Scheduling Answering Service Staff for Holidays
When Historical Data Can’t Predict Call Traffic, We Need to Guess
By Peter Lyle DeHaan, PhD
Last week we celebrated Independence Day in the United States. With it happening on a Wednesday, it threw a lot of people off. Me included. When July Fourth occurs on a weekend, there’s little impact on normal business activity. And when it falls on a Monday or Friday, it gives us a three-day weekend. Last year it was on Tuesday, which caused many companies to declare Monday as a day off, giving people a four-day weekend. I suppose the same could apply if it fell on a Thursday.
But what to do when it’s on a Wednesday? Some people viewed the whole week as a holiday week, while others viewed it as business as normal except for Wednesday, when they took the day off. And I talked to many people who saw this as an opportunity for a five-day weekend.
These various interpretations trickled down to expectations placed on answering services and affected their call traffic. Many schedulers wondered what to do. Normally historical information can project future trends, but with the holiday falling on a Wednesday, there wasn’t a historical model to follow, since I believe the last time July 4 occurred on a Wednesday was in 2012. And even if you have historical data from 2012, how relevant is it six years later in 2018?
Though we like to use data to determine our scheduling needs, sometimes it’s not possible. The best we can do is guess. When this occurs we realize that scheduling staff for an answering service is sometimes more art than science.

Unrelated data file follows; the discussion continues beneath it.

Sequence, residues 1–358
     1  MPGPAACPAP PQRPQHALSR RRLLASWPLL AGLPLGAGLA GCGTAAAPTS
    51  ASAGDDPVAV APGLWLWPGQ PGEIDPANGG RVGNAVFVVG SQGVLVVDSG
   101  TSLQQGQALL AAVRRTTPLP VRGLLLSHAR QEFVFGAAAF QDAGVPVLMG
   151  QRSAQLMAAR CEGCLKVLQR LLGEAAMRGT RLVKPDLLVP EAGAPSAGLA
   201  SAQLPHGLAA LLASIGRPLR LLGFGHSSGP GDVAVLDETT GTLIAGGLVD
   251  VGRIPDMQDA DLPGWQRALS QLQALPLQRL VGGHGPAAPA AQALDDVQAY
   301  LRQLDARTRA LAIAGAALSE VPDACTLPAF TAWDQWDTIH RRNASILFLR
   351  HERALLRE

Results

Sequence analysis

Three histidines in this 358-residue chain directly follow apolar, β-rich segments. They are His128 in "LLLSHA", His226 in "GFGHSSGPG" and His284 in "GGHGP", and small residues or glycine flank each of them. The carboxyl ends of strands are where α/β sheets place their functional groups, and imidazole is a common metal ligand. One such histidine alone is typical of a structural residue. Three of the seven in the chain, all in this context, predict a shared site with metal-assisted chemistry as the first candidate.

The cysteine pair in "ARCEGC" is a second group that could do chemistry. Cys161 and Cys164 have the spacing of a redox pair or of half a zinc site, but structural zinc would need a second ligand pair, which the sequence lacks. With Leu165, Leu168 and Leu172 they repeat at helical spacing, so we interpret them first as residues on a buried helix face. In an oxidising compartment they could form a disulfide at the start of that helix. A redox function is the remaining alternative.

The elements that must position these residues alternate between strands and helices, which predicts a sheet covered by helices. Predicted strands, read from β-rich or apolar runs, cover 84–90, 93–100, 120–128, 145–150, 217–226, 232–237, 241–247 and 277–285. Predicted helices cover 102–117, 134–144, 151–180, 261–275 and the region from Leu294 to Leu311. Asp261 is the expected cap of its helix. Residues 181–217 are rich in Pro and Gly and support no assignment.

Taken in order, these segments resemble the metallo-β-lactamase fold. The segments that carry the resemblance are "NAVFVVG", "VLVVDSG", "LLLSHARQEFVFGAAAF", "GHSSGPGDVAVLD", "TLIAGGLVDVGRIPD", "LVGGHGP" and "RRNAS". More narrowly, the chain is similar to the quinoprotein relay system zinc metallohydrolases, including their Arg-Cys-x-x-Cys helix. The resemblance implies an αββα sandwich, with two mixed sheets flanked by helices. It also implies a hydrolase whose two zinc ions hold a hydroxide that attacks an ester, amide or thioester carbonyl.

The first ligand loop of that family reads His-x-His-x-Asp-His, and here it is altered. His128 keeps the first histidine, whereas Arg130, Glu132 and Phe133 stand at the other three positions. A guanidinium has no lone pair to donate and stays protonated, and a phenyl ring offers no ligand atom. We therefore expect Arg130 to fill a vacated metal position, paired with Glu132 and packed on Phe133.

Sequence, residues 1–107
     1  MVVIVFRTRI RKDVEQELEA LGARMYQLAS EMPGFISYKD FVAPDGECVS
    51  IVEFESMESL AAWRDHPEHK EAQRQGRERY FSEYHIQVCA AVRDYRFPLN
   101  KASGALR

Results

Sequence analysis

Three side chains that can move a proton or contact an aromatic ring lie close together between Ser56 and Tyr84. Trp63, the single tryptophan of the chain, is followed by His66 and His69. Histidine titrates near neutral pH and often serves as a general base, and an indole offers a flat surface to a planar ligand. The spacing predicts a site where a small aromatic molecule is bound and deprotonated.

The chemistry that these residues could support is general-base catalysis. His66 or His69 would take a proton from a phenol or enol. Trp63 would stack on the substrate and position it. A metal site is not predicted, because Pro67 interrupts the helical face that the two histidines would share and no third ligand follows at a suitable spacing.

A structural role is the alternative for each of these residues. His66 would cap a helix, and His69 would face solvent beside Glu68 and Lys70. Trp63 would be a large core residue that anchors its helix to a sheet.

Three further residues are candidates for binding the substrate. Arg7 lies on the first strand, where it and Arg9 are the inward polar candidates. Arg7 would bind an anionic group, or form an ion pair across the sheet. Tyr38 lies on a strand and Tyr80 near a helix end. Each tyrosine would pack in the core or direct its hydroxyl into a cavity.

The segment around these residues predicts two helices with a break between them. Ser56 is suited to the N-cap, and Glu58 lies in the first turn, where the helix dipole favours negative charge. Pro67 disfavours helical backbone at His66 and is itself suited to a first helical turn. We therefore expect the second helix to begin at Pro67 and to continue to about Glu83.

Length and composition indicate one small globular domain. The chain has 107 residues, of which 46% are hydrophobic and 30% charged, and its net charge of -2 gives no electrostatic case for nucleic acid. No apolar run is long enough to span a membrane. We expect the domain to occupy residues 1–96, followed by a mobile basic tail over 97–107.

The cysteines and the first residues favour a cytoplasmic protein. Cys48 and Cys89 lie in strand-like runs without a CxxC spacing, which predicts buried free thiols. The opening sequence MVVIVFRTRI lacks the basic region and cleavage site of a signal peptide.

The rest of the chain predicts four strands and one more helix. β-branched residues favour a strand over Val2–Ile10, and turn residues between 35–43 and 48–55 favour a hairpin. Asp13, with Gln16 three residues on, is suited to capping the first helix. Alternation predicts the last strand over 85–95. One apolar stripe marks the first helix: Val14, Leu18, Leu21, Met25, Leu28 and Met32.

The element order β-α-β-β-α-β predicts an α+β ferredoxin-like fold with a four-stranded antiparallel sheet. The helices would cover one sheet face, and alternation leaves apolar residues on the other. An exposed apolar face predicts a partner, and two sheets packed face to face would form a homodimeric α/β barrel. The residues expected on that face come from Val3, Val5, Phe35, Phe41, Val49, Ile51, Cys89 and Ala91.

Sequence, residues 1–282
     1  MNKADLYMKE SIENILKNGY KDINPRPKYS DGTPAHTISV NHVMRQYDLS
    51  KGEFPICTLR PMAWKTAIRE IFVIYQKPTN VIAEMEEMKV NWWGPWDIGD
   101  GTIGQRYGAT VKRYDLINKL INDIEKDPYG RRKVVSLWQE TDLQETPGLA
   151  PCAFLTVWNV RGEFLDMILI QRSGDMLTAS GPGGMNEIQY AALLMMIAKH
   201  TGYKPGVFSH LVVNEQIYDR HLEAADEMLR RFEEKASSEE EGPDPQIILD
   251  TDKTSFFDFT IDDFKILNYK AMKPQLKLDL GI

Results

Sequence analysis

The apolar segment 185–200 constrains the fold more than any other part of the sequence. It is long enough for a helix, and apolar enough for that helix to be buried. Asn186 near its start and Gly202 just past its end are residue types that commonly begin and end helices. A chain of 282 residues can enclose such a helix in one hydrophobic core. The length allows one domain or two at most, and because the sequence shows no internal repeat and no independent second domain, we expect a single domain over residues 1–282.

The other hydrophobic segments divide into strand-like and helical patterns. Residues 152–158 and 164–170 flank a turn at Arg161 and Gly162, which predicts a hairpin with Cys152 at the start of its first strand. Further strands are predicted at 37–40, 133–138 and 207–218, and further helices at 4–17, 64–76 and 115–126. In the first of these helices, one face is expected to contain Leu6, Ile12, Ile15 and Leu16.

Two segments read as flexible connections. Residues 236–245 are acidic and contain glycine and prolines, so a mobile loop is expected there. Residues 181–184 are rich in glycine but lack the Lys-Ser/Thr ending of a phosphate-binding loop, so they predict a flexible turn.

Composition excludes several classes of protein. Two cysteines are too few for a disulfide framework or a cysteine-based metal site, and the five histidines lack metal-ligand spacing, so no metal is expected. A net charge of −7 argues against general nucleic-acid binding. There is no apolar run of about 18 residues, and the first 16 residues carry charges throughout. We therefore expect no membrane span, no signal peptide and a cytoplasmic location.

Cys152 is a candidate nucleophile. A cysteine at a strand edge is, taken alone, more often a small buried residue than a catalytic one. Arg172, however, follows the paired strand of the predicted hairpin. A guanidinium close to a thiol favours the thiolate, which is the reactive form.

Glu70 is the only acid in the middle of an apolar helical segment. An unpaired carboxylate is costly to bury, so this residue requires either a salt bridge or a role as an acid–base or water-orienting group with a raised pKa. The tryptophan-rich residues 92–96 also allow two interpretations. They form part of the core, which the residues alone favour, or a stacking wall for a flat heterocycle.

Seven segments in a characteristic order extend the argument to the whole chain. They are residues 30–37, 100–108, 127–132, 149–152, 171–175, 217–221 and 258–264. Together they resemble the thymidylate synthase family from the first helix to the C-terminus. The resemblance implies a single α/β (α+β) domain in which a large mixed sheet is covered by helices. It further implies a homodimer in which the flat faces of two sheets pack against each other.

This also reminds us to appreciate our staff, for when our traffic projections fail us, and we make our staff busier than we want, it falls on them to bail us out. And they almost always do.
If your staff worked harder than usual last week, remember to thank them, and recognize their efforts. And if your schedule was right on target and caused no surprises, thank them anyway. They deserve it.
Peter Lyle DeHaan, PhD, is the publisher and editor-in-chief of TAS Trader. He’s a passionate wordsmith whose goal is to change the world one word at a time. Read more of his articles at PeterDeHaanPublishing.com.
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3 Simple Training Tips to Boost Performance
By Cordell Riley
Training offers you the potential to dramatically increase profits and performance. Here are three tips to get that to happen for you.
1. Start with the End in Mind: Chances are you know where you would like to see improved performance or profits in your organization. But specifically what would those improvements look like? Would it be better online reviews or a 15 percent increase in sales? What?
Specific goals emerge when you define the business challenges you need to address. And once you have defined those issues and goals, you can determine if there is training that will assist in reaching them.
2. Develop an Appropriate Curriculum: Your curriculum should be designed to teach people the skills they need to learn or improve in their specific role. But developing an effective curriculum is more complex than simply defining skills. It should be right for the people in the roles who are performing the tasks and jobs that your training addresses. And it should be designed to have a focused, specific impact on the business items where you are trying to “move the needle” and bring about change.